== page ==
Retracing their trail, they had journeyed down the mountain a fair distance when they rounded a bend in the path. They could scarcely believe their eyes, for there were Aeffe's mare, Saqr's bay gelding, and the pack horses which had bolted away when the scimitar cat had attacked Inbir. The animals skittered and snorted, wary of the stench of blood oozing from Saqr's ghastly trophy, but they showed no fear of Aeffe.

"I never thought we would see them again," she remarked in awe, stroking the muzzle of her mare.

"Young man, if you had any sense," the hermit pronounced dourly as he stared at Saqr, "you would toss the beast's head over the cliff. The blood is frightening your horses!"

"I cannot do that, old meddler!" Saqr bristled. He was having a difficult enough time convincing the horses that the bloody head would do them no harm without having to contend with the inane comments of their unwelcome companion. Finally, taking a rope, Saqr ran it through the loops on the three horse's halters, securing them all together. "What you do not understand, Master Hermit," he remarked sneeringly, "is that I do not care what you think. I fought for the right to claim this monster's head, and neither you nor anyone else will convince me that I should just throw it away!"

"If you have some misguided notion that you can prove your manhood by hauling a bloody head around with you, you have much to learn." He gave the boy a pitying look before setting off down the trail again.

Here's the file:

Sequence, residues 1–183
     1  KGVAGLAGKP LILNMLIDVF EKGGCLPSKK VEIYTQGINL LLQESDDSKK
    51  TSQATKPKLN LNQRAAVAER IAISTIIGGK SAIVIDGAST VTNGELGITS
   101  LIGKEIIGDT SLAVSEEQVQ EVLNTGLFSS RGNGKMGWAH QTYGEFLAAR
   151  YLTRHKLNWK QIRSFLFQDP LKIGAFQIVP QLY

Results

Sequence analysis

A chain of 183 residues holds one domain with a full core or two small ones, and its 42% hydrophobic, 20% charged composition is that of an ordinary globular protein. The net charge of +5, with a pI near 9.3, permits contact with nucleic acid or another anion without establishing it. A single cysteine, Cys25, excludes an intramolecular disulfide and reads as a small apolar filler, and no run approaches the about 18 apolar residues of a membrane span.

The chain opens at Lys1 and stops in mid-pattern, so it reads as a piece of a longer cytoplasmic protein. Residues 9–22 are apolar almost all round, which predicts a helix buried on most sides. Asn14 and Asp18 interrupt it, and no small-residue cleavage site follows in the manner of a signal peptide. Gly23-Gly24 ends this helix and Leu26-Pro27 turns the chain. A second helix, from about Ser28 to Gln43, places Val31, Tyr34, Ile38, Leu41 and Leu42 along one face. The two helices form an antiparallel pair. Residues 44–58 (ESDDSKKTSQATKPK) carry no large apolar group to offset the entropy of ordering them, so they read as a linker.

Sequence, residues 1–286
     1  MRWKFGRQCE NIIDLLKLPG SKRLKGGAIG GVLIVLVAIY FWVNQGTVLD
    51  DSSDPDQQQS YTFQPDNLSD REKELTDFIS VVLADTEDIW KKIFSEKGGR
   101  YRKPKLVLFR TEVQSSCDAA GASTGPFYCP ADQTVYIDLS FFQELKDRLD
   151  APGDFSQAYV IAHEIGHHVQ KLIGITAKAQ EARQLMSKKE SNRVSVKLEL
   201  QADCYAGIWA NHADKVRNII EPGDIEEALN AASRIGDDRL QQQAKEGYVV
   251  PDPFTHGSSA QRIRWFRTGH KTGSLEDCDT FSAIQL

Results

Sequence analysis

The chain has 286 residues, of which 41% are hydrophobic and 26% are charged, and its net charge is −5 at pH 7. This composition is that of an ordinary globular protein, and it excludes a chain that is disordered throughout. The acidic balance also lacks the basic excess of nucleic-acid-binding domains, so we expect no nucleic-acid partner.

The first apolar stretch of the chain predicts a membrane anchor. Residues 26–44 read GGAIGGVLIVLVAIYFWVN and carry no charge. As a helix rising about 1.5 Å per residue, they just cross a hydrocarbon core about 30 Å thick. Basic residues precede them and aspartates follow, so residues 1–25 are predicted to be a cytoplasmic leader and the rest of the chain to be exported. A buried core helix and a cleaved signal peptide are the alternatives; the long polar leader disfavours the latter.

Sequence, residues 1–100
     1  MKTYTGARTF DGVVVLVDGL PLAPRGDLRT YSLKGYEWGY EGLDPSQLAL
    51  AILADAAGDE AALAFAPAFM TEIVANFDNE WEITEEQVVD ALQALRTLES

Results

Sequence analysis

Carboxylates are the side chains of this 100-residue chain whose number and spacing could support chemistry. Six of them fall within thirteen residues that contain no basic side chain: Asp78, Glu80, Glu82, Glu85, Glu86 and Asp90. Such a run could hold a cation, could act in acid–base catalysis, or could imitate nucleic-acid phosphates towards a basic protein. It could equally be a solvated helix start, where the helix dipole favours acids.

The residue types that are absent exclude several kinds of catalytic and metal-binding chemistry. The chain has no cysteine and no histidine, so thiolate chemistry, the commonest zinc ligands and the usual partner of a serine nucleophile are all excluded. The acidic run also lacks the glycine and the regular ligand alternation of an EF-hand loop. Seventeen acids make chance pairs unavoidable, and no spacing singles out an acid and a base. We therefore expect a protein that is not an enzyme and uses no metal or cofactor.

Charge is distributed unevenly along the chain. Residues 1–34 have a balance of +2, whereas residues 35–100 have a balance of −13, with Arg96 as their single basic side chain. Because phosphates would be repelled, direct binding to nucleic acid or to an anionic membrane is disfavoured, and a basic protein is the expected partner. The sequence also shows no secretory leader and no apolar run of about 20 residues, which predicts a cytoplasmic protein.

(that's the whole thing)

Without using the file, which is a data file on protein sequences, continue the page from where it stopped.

Not another argument! Aeffe wondered if she would have to listen to the continual carping of Saqr and the hermit all the way to Gondor. She could not understand why Saqr had taken an immediate dislike to the old fellow. The hermit was certainly odd – eccentric was more the word for it – with his wild hair and beard, filthy loincloth, and bare feet. Yet he seemed harmless, just some poor old man whom fate had chosen for a sorry existence. All she wanted was for him to help her beloved.

"Ah, here we are at last," the hermit smiled as he motioned with his staff to the faint outline of a trail which cut sharply down the side of the cliff. The path looked too steep for anything other than mountain goats, and Aeffe felt her stomach contract with fear as she stared into the abyss. Following that trail was sheer madness, and she worried that Inbir's horse would slip on the treacherous trail and injure him even more.